Patty Caroll’s Saturated Portraits

With many references to both cultural and historical costumes, Patty Carroll‘s series speaks about experiencing the dichotomy of domesticity. Known for her use of highly intense, saturated color photographs since the 1970’s, Patty Carroll comes back with ‘Anonymous Women’, a project addressing women and their complicated relationships with domesticity. “The home is a place of comfort but can also be camouflage for individual identity when idealized decor becomes an obsession, or indication of position or status,” says Carroll. The series is full of references to draped statues from the Renaissance, nuns in habits, women wearing the burka, and priests’ and judges’ robes, among others. By camouflaging the figure in drapery and/or domestic objects, Carroll creates a dark and humorous game of hide-and-seek between her viewers and the Anonymous Woman. She says: “The series is also a small tribute to Scarlett O’Hara, who, undaunted by wars, pulled down her drapery to fashion a beautiful gown, and would do anything to keep her home, Tara.”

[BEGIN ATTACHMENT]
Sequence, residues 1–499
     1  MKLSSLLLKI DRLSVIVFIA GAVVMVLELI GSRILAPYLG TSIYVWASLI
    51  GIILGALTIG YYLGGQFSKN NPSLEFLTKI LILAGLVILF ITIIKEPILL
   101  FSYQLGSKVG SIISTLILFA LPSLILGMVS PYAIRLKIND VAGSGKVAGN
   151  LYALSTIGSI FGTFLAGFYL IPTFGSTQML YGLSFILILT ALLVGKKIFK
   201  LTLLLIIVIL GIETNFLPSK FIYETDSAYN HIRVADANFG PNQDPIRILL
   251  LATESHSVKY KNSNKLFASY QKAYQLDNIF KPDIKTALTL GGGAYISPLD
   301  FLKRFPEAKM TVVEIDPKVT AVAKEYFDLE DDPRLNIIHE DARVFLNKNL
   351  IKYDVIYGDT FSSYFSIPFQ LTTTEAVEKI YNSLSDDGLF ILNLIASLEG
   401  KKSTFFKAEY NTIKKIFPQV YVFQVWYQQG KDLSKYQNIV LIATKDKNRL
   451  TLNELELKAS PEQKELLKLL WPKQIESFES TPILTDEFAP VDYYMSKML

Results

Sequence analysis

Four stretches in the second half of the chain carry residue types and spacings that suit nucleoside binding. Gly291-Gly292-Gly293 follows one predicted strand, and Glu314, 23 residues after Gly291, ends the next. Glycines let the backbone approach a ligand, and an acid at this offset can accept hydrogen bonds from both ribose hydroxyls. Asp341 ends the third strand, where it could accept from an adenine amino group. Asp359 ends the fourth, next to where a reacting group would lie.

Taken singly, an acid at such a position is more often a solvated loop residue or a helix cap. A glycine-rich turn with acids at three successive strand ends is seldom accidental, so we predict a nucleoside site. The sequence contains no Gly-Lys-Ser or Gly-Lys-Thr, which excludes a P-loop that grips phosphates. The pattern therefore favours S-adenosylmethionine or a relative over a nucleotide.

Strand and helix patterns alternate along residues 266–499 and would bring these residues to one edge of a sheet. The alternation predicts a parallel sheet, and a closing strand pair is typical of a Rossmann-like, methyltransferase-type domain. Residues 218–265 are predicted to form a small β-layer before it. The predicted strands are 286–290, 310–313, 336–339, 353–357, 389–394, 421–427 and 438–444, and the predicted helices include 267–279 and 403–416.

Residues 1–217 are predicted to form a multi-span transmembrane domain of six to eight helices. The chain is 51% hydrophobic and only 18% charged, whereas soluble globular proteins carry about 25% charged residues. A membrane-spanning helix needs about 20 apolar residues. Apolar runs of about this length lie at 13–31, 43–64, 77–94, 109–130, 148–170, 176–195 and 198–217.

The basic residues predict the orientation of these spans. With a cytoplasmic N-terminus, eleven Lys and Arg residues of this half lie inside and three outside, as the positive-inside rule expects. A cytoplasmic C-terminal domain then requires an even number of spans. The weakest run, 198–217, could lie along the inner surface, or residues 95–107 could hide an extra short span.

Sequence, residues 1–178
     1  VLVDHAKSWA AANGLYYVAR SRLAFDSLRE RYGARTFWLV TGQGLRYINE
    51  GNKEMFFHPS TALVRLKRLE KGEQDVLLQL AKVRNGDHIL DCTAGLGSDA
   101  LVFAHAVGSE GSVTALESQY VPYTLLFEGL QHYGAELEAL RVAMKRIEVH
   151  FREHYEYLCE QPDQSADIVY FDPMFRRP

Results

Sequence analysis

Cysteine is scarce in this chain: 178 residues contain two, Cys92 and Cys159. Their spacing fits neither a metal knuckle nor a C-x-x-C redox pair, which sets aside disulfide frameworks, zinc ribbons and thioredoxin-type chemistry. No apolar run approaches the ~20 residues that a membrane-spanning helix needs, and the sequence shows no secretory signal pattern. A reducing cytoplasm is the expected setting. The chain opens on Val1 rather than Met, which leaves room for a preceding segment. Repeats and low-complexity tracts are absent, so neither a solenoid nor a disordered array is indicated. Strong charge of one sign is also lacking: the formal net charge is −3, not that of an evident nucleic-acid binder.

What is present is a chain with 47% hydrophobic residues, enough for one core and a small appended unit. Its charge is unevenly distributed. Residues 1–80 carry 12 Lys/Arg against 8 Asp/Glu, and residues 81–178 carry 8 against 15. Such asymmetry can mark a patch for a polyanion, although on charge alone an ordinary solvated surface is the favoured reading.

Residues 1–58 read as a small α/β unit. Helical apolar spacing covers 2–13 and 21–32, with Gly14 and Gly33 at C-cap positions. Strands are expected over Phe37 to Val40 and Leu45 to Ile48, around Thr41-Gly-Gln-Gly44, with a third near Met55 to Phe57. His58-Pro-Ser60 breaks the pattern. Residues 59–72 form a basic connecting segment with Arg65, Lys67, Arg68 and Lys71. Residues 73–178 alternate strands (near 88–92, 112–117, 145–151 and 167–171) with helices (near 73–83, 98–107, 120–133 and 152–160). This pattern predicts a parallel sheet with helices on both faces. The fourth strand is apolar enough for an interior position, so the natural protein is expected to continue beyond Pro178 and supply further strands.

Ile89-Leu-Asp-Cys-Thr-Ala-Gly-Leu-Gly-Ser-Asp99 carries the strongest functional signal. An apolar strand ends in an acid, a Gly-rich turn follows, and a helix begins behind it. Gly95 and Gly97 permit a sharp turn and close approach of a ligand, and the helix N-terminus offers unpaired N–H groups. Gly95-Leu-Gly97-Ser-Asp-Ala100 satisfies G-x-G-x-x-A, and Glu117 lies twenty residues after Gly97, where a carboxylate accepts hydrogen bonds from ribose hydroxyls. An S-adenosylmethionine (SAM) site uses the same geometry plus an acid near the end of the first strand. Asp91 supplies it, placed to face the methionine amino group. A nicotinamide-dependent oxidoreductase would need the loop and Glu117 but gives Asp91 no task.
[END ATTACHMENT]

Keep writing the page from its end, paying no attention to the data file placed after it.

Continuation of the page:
All images © Patty Carroll

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